An extensive mapping program launched by the LAPD's anti-terrorism bureau to identify Muslim enclaves across the city sparked outrage Thursday from some Islamic groups and civil libertarians, who denounced the effort as an exercise in racial and religious profiling.
Los Angeles Police Department Deputy Chief Michael P. Downing, who heads the bureau, defended the undertaking as a way to help Muslim communities avoid the influence of those who would radicalize Islamic residents and advocate "violent, ideologically-based extremism."
"We are seeking to identify at-risk communities," Downing said in an interview Thursday evening. "We are looking for communities and enclaves based on risk factors that are likely to become isolated. . . . We want to know where the Pakistanis, Iranians and Chechens are so we can reach out to those communities."
Downing added that the Muslim Public Affairs Council has embraced the vaguely defined program "in concept." The group's executive director, Salam Al-Marayati, said Thursday that it wanted to know more about the plan and had a meeting set with the LAPD next week.
"We will work with the LAPD and give them input, while at the same time making sure that people's civil liberties are protected," said Al-Marayati, who commended Downing for being "very forthright in his engagement with the Muslim community."
Others condemned the project, however.
"We certainly reject this idea completely," said Shakeel Syed, executive director of the Islamic Shura Council of Southern California. "This stems basically from this presumption that there is homogenized Muslim terrorism that exists among us."
Syed said he is a member of Police Chief William J. Bratton's forum of religious advisors, but had not been told of the community mapping program. "This came as a jolt to me," Syed said.
Hussam Ayloush, who leads the Los Angeles chapter of the Council on American-Islamic Relations, said the mapping "basically turns the LAPD officers into religious political analysts, while their role is to fight crime and enforce the laws."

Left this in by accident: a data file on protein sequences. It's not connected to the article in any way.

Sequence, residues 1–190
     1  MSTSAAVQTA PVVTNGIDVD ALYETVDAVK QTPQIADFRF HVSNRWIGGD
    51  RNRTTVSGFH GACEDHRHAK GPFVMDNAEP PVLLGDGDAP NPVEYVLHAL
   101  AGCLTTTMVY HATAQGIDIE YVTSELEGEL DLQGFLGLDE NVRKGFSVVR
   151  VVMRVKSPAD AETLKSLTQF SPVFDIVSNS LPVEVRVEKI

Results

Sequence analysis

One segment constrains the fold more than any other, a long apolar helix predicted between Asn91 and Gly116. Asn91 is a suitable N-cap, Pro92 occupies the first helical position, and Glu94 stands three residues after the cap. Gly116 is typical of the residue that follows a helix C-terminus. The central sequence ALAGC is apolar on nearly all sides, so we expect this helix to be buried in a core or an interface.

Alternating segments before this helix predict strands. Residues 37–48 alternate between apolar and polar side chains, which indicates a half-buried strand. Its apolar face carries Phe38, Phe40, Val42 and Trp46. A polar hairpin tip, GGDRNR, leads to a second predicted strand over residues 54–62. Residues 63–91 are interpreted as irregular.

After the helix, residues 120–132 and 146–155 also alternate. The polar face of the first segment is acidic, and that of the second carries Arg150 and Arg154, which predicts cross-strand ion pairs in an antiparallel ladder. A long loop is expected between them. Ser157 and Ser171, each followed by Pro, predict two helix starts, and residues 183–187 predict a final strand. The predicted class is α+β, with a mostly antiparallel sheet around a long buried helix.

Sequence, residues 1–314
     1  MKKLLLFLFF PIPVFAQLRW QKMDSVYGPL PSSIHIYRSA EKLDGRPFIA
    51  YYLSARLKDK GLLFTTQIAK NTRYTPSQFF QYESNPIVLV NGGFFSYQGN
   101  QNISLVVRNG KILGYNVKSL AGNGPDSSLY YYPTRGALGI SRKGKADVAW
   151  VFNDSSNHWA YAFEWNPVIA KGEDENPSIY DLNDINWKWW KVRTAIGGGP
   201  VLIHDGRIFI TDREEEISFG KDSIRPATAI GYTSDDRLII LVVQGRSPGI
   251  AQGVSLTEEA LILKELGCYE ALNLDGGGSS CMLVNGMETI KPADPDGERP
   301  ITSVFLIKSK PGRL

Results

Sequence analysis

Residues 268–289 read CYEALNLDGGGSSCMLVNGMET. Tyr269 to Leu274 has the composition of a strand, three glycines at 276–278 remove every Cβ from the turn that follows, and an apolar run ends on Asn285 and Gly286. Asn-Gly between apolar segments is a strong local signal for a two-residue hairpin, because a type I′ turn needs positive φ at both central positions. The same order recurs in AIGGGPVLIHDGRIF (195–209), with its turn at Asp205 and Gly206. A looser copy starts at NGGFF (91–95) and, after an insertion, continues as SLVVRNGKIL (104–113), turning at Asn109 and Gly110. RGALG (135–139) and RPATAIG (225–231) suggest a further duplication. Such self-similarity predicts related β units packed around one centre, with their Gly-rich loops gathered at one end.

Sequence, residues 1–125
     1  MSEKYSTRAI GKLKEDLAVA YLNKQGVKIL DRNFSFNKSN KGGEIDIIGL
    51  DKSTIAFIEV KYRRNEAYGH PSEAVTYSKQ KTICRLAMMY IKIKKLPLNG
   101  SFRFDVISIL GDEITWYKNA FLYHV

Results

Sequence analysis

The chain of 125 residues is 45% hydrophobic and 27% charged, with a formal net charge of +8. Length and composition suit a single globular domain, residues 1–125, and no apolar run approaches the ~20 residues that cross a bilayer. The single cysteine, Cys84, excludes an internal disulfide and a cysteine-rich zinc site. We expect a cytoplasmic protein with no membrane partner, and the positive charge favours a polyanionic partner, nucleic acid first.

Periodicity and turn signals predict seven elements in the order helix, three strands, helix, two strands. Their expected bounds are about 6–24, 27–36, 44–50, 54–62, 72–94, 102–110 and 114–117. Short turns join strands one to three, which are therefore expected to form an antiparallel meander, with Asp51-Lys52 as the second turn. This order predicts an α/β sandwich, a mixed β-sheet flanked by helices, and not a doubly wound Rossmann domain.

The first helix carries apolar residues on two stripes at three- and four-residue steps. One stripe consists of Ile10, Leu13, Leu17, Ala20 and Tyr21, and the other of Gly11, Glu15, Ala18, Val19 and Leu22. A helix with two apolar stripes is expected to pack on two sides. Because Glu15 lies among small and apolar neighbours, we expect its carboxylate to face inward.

During Oct. 30 testimony before Congress, Downing described the program broadly as an attempt to "mitigate radicalization." At that time, he said law enforcement agencies nationwide faced "a vicious, amorphous and unfamiliar adversary on our land."
Downing and other law enforcement officials said police agencies around the world are dealing with radical Muslim groups that are isolated from the larger community, making potential breeding groups for terrorism. He cited terror cells in Europe as well as the case of some Muslim extremists in New Jersey arrested in May for allegedly planning to bomb Ft. Dix.
"We want to map the locations of these closed, vulnerable communities, and in partnership with these communities . . . help [weave] these enclaves into the fabric of the larger society," he said in his testimony.
"To do this, we need to go into the community and get to know peoples' names," he said. "We need to walk into homes, neighborhoods, mosques and businesses."
To assemble the mapping data, Downing said in an interview Thursday, the LAPD intends to enlist USC's Center for Risk and Economic Analysis of Terrorism Events, which was founded four years ago with $12 million in federal funds.
In 2003, university officials said the center would focus on threats to power plants, telecommunications and transportation systems.
It recently was tapped to strengthen security at Los Angeles International Airport.
Downing said the effort would not involve spying on neighborhoods. He said it would identify groups, not individuals.
"This has nothing to do with intelligence," he said, comparing it to market research.
But in his congressional testimony, Downing said the LAPD hoped to identify communities that "may be susceptible to violent, ideologically-based extremism and then use a full-spectrum approach guided by an intelligence-led strategy."
Downing told lawmakers the program would "take a deeper look at the history, demographics, language, culture, ethnic breakdown, socioeconomic status and social interactions."
He added that the project was in its very early stages, and that its cost and full scope have not been determined.
"Physically the work has not begun," Downing said.
The American Civil Liberties Union and some community groups sent a letter Thursday to Downing expressing "grave concerns" about the program and asking for a meeting.
"The mapping of Muslim communities . . . seems premised on the faulty notion that Muslims are more likely to commit violent acts than people of other faiths," the letter states.
ACLU Executive Director Ramona Ripston compared the program to the Red Scare of the 1950s and said: "This is nothing short of racial profiling."
But Al-Marayati said he believed that Downing was working in good faith.
"He is well-known in the Muslim community," he said. "He's been in a number of mosques and been very forthright in his engagement with the Muslim community."
Times staff writers Francisco Vara-Orta, Andrew Blankstein and Stuart Silverstein contributed to this report.